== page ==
"I can't believe he'd tell a lie like that. I really thought he was living in torment. I felt sorry for him. If he'd just asked me to volunteer I'd have done it."

"I know. That's what I said to him. This is typical of his sense of humour. He's always doing things like this. But on the plus side, it makes you perfectly entitled to play a trick on him, and I can help you do it. We can respond in kind. Just give me a day or two and I'll come up with something."

On the following morning, Darren didn't think it was such a good idea to be playing a practical joke on his boss, no matter how much the man deserved it. He was going to phone Nadine to tell her to drop any plans she was working on, but she phoned him when he was on his way to work and she told him that she'd already formed a plan and had put it into action. "I left the house early this morning," she said. "I went out without making a sound and then I made as much noise as I could on the way back in so Dad would think I'd been out all night and I was just arriving back. Over breakfast he asked me where I'd been and I told him I spent the night with you."

"You what!"

"You don't need to worry. I told him you were a very gentle lover."

"I don't need to what? He's my boss and he thinks I slept with his daughter. Worrying is exactly the thing I need to be doing. That and resigning."

"It's just a joke. I'll tell him the truth this evening and he'll have a great laugh. I have this evening all worked out. I'll be very tearful when he gets home from work. I know exactly how to make him suffer even more."

"I can't spend the whole day with him when he probably wants to strangle me."

"Wanting to strangle you and actually strangling you are two very different things. Please, just play along with this for the rest of the day. I promise he'll think it's hilarious. Please."

Darren could never say no to a woman who said 'please' in italics. When he arrived at work he did his best to avoid making eye contact with his boss, but he could feel the interrogation lights of Victor's glare.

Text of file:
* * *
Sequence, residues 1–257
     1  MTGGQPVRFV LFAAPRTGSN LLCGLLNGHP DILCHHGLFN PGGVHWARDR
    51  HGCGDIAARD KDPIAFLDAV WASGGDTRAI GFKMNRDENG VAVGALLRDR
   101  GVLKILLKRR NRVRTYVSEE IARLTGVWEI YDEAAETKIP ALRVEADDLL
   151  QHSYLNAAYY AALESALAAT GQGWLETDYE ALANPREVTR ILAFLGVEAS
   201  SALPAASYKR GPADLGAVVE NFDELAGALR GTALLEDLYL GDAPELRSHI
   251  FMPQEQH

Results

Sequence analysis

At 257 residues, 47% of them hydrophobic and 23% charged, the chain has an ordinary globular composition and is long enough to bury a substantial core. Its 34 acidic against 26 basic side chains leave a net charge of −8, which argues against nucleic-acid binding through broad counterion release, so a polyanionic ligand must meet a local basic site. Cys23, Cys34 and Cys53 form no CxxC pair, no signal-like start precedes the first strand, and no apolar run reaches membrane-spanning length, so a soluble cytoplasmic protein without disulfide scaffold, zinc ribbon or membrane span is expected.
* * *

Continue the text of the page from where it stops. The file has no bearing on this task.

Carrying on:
"When I asked you to get beneath the surface of my daughter," Victor said, "this wasn't what I had in mind. I want to have a word with you about what you've done. We'll talk this evening before you go home. Until then, I don't have anything else to say to you."

It was a difficult day for Darren. He would have cracked and told Victor the truth if he hadn't kept reminding himself of Nadine's insistence that her father would find it funny. Replaying the word 'please' helped as well.

When Darren finished work in the evening, Victor said, "Come with me."

They went for a drive in Victor's car. Victor didn't say a word as he drove out of the city. He waited until they were on a narrow country road before finally breaking the silence. "One thing I told you was true," he said. "I love my daughter more than anyone else on the planet. I'd do anything to protect her. Of course, a parent can't do everything to protect their kids. She's an adult now, and I can't dictate how she lives her life. For a while I thought I could do that when she was a child, but I was deluding myself. I can't stop her from being hurt, but I can give you a taste of what would happen if you hurt her."

Victor stopped outside a building that would have had bullet wounds and tattoos if it were human. They went inside, and all of the occupants of this pub looked suspiciously at the newcomers. Darren noticed that they all had bullet wounds and tattoos. He followed his boss to the bar. Victor ordered two beers, and as the drinks were being poured, Darren could hear the sound of a gun being loaded behind him. He replayed the word 'please' in his head, and this time it had no effect. The time had come to tell the truth, but he thought he'd never get a chance to say anything when someone jumped up from behind the bar and said 'boo'. For a second or two he feared for his life, but then his brain had a chance to examine these two statements: (a) Someone jumped up from behind the bar and shot him. (b) Someone jumped up from behind the bar and said 'boo'. The first statement was the one his brain had initially taken to be true, but it transpired that the second one showed a much greater correspondence to actual events, and the person who said 'boo' was the same person who'd been saying 'please' in his mind all day.

Everyone in the pub was laughing at him. They were all in on the joke. The bar man was Victor's brother. Darren was introduced to the man when Victor was finally able to stop laughing a few hours later. It took a long time for Darren to see the funny side, but an evening in the pub with his new friends helped bring out the beginnings of a laugh. He could see the benefits of making friends with his boss after spending the day convinced he'd made an enemy. Nadine kept apologising for her role in the joke, and she promised to make it up to him. Darren thought he needed to tread very carefully in case he really did make an enemy of his boss.

The moose's head over the fireplace doesn't pay much attention to the goldfish in the bowl on the table, but they keep staring at him. The wife's aunt owns the fish. We're looking after them while she's visiting a friend who needs help wallpapering all the rooms in her house. She's using plain white paper, and her state-of-the-nation novel will be written on this. The wife's aunt has beautiful handwriting. She could be there for weeks if she has to write all thirty-seven chapters.